Team Blocks

Over the years I have come across a slew of management styles, some formal, some informal, some great, while others… well you get the idea.  During my own management career I drew upon best practices from my former bosses as well as management gurus in order to come up with something that was effective and yet easy to implement.  Here I’ll share with you a summary of my management style, which is based upon my general philosophy about employees that:

  1. They come to work hoping to make positive contributions
  2. They work hard if they clearly know what they are supposed to do
  3. They are motivated when they feel being part of something bigger than their job
  4. They put in their best effort when they feel empowered, are guided, and are provided with the right tools for the job
  5. They improve when they are given sincere, honest, and timely feedback 

The following 5 steps I present to you are indented to be a general guideline and not hard-and-fast rules.  Since each team and each environment is unique, you will most definitely have to tweak these steps to best suit your personality, your team, your environment, and the task at hand.  See my article on different management styles for more information.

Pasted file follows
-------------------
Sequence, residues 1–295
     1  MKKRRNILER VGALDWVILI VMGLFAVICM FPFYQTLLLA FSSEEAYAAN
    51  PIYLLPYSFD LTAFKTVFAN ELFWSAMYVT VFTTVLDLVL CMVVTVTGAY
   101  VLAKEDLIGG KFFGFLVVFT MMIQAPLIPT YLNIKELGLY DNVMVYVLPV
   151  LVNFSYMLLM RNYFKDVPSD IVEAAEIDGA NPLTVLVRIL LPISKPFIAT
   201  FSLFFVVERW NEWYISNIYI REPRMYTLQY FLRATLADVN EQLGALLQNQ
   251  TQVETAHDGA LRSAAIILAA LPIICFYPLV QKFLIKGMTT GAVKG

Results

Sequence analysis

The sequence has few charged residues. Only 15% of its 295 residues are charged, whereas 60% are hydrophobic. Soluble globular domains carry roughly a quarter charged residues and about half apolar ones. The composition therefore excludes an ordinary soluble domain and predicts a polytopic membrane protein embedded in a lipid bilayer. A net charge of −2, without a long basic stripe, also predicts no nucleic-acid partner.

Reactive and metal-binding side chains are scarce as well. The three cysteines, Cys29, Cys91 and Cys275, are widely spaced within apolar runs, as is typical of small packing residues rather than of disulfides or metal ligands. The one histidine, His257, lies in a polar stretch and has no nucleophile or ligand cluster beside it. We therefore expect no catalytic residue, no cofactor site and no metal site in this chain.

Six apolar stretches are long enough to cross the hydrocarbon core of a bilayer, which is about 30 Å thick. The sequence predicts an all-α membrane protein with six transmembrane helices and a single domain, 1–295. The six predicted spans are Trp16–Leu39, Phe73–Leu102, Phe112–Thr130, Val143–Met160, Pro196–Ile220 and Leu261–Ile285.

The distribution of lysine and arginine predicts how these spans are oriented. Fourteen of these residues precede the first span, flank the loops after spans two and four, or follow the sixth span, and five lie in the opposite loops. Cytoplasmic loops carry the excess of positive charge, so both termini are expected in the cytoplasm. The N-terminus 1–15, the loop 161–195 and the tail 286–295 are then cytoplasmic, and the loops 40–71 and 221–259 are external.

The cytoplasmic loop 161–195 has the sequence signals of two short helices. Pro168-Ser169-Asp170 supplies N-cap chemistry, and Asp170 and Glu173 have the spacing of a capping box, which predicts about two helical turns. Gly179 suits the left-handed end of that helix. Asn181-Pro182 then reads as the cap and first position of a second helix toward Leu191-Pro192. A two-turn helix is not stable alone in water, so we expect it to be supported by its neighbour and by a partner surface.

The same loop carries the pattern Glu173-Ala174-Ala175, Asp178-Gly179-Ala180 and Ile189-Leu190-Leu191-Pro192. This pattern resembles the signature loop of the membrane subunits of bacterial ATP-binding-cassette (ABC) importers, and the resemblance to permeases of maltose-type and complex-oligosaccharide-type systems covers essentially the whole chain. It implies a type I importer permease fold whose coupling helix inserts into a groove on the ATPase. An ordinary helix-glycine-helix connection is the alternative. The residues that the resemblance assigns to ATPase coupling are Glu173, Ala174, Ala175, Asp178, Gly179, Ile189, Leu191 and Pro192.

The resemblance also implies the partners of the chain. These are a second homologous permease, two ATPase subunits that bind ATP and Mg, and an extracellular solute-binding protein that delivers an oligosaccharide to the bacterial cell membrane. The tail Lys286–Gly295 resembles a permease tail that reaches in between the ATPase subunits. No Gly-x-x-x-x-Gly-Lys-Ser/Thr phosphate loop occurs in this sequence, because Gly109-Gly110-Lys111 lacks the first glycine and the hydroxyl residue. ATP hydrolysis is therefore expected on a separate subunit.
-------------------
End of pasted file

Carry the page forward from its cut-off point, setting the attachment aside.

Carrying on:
1. Define Clear Goals

The reason most teams fail in achieving their goals is because they do not have any goals to begin with.  As leaders or managers we must take the time to define and clearly communicate reasonable goals for our teams at regular intervals and track the progress of such goals throughout those intervals. 

One key success factor in achieving goals is to ensure that we pick the right goals.  Goals we choose must be meaningful, move us closer to our departmental or company vision, and should be relatively unlikely to change during the time interval we choose them for.  It does not mean that they cannot be changed at any cost, but if we keep changing goals midstream as a general practice rather than an exception than the whole exercise becomes counterproductive pretty quickly. 

2. Communicate Goals

The way we communicate goals to our teams has a profound effect on the successful realization of such goals.  We must not only make sure that our teams completely understand the goals, but also that they are sincerely committed to achieving them.